As Quebec Premier François Legault seeks a new energy deal with Newfoundland and Labrador, he faces a public in the Atlantic province scarred by the legacy of a pair of hydroelectric projects mired in missteps.

Legault travelled to St. John's this week for discussions with Newfoundland and Labrador Premier Andrew Furey about the 1969 Churchill Falls hydroelectric energy deal — and what will come after it ends in 2041. The lopsided deal heavily favours Quebec, and has left a lasting bitterness in Newfoundland and Labrador.

The two leaders are scheduled to speak with reporters later on Friday after the meeting.

Jeff Webb, a historian at Memorial University, says some residents of Newfoundland and Labrador think the province wouldn't have endured the "humiliation" of needing equalization payments from the federal government if the Churchill Falls agreement had more evenly served both provinces.

"It does speak to people's sense that this is something that's always been rightly ours, and it's been stolen," Webb said in a recent interview.

Decades later, that hostility drove people in Newfoundland and Labrador to embrace the Muskrat Falls hydroelectric project, which is long delayed and draining the provincial purse, Webb said.

The 1969 Churchill Falls deal allows Quebec's provincially owned hydroelectric utility, Hydro-Québec, to purchase 85 per cent of the electricity generated by the dam in Labrador, and therefore reap most of the profits. As of 2019, the deal had yielded close to $28 billion in profits to Quebec, and about $2 billion for Newfoundland and Labrador.

Under the agreement, Hydro-Québec pays a fixed price of 0.2 cents per kilowatt hour for Churchill Falls power. By comparison, the utility said in a news release this week it made an average of 8.2 cents per kilowatt hour on power it sold outside the province in 2022. Hydro-Québec made a record-breaking income of $4.6 billion last year, the release said.

The Innu of Uashat mak Mani-utenam in Quebec filed a $2.2-billion lawsuit against Hydro-Québec earlier this year, claiming the Churchill Falls hydroelectric station has destroyed a significant part of their traditional territory. In 2020, the Innu Nation in Labrador launched a $4-billion lawsuit against Hydro-Québec and Churchill Falls (Labrador) Corp., a subsidiary of Newfoundland and Labrador Hydro, for the ecological and cultural damage caused by the damming of the upper Churchill River in the early 1970s.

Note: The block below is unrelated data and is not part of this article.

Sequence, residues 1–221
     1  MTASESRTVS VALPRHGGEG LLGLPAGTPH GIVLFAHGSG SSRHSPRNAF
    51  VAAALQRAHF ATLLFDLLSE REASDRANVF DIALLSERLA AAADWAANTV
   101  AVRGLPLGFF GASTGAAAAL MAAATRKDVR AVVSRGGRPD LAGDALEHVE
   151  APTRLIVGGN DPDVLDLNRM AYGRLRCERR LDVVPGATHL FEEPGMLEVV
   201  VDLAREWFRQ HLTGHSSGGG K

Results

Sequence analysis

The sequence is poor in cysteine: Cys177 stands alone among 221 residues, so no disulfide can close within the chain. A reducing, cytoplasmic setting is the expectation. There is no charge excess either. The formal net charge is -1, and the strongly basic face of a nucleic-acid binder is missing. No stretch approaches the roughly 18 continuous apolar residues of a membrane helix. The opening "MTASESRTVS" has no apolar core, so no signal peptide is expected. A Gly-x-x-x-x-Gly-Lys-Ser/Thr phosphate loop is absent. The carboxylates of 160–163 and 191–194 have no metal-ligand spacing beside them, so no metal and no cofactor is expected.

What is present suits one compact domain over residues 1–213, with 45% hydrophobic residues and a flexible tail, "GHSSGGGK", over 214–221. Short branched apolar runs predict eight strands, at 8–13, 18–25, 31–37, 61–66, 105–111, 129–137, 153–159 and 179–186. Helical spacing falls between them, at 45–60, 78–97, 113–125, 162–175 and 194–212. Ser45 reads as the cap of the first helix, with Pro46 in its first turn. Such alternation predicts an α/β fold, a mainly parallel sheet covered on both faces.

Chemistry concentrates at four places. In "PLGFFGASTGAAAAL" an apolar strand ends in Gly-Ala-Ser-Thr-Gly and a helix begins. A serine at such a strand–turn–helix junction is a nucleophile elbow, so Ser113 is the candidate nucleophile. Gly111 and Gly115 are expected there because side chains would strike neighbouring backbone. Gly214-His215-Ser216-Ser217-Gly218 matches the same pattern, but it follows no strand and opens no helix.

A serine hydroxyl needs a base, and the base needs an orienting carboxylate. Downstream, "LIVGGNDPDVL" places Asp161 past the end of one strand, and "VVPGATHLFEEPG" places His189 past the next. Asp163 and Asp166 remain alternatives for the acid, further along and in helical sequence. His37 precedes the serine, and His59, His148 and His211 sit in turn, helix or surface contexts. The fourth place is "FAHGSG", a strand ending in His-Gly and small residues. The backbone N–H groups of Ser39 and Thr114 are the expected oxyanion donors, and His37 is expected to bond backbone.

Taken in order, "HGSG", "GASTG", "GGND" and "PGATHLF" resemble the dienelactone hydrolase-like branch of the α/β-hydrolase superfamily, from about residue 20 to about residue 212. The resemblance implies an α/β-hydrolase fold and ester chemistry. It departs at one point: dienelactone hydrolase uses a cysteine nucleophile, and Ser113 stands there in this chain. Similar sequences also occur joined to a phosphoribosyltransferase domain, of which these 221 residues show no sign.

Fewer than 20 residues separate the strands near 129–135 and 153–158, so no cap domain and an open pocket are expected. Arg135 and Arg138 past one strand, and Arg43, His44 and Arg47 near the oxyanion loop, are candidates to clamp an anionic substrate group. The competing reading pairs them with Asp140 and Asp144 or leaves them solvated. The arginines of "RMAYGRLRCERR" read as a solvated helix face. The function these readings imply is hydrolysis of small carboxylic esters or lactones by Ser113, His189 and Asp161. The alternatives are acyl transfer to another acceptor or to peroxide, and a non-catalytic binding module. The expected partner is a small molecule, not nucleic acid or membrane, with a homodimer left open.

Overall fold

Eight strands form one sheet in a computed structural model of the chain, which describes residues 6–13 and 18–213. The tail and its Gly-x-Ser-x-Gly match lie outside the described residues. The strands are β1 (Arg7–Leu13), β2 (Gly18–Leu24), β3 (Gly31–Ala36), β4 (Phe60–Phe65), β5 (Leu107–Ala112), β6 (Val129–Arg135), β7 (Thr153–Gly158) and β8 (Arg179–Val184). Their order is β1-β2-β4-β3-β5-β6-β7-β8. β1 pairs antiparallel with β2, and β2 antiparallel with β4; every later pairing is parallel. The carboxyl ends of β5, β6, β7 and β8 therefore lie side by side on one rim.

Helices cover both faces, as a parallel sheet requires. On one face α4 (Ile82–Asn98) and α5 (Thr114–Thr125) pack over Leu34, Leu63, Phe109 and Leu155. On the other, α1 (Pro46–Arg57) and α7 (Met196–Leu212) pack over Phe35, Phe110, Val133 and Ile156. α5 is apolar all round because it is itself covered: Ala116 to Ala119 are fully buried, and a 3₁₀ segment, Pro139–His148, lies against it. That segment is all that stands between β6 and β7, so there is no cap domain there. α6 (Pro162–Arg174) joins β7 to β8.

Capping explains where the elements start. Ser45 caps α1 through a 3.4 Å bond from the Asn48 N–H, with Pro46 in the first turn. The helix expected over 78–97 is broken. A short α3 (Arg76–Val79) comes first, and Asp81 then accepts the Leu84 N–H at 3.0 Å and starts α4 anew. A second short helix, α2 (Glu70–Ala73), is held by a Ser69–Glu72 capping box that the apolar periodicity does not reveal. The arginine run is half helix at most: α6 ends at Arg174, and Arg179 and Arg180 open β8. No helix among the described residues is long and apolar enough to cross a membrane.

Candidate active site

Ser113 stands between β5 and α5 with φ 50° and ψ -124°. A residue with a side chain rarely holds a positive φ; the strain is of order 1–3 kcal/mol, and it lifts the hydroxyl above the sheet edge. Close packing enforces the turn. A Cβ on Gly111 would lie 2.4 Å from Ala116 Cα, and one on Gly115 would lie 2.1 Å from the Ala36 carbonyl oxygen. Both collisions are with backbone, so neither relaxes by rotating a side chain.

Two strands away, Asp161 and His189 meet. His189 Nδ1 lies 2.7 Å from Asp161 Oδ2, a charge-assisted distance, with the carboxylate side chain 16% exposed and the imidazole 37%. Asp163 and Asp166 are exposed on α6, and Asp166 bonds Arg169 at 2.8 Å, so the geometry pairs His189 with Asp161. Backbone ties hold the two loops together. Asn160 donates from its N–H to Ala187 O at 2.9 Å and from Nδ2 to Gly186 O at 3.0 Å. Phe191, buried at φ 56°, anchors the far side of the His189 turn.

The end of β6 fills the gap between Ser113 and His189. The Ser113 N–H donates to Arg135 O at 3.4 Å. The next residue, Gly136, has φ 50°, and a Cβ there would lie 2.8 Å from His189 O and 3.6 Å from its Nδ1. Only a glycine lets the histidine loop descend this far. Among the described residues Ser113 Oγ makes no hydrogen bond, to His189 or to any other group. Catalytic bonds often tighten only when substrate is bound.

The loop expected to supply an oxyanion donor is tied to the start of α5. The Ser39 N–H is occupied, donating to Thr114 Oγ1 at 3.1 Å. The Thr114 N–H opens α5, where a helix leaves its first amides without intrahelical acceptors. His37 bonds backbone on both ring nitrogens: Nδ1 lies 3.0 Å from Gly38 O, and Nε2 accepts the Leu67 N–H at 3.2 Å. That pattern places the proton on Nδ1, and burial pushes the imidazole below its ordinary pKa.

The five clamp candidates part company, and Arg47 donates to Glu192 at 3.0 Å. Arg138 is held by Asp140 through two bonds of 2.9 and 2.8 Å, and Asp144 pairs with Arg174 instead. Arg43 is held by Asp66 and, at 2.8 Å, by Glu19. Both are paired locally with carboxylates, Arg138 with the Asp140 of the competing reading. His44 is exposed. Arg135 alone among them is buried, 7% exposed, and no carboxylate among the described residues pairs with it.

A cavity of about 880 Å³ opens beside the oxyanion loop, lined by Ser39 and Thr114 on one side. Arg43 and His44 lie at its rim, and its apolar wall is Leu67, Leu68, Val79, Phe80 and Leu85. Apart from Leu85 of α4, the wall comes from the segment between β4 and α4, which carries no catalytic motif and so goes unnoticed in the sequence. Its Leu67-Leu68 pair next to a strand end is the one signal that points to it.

Pam Frampton, who retired in 2021 as the managing editor of The Telegram newspaper in St. John's, said she grew up under the shadow of Churchill Falls.

"There was always these associated feelings of shame and bitterness, and the feeling that we had been duped," Frampton said in an interview.

Frampton said she believes the province would be in a completely different economic position now if the Churchill Falls arrangement had not been so skewed.

"Wanting to give Quebec the middle finger, if you will, was a part of the impetus behind Muskrat Falls," Frampton said. "I think if we had a fair day's deal with (Churchill Falls), we wouldn't have been so hell-bent on getting (Muskrat Falls) developed at any cost."

Like the Churchill Falls project, the Muskrat Falls development harnesses the power of the Churchill River, in Labrador, and it also sits on traditional Innu territory. It was green-lit in December of 2012 after much trumpeting and fanfare by the Progressive Conservative government at the time, particularly by premier Danny Williams, who quit politics in late 2010.

Muskrat Falls has been disastrous for the province's finances and morale. Its price tag now sits at more than $13 billion, a figure Andrew Furey described in 2021 as "an anchor around the collective souls of Newfoundland and Labradorians."

Legault has said he wants a "win-win" deal for Quebec and Newfoundland and Labrador — and has even suggested paying the province more for electricity before the current deal ends in 2041.

Frampton said the Quebec premier needs to know that the people of Newfoundland and Labrador are hardened and still smarting from both projects.

"I think he needs to know that, going in, we are gun shy, and for good reason," she said. "He should expect us to ask the hard questions. And I certainly hope to God our government does, on our behalf."

This report by The Canadian Press was first published Feb. 24, 2023.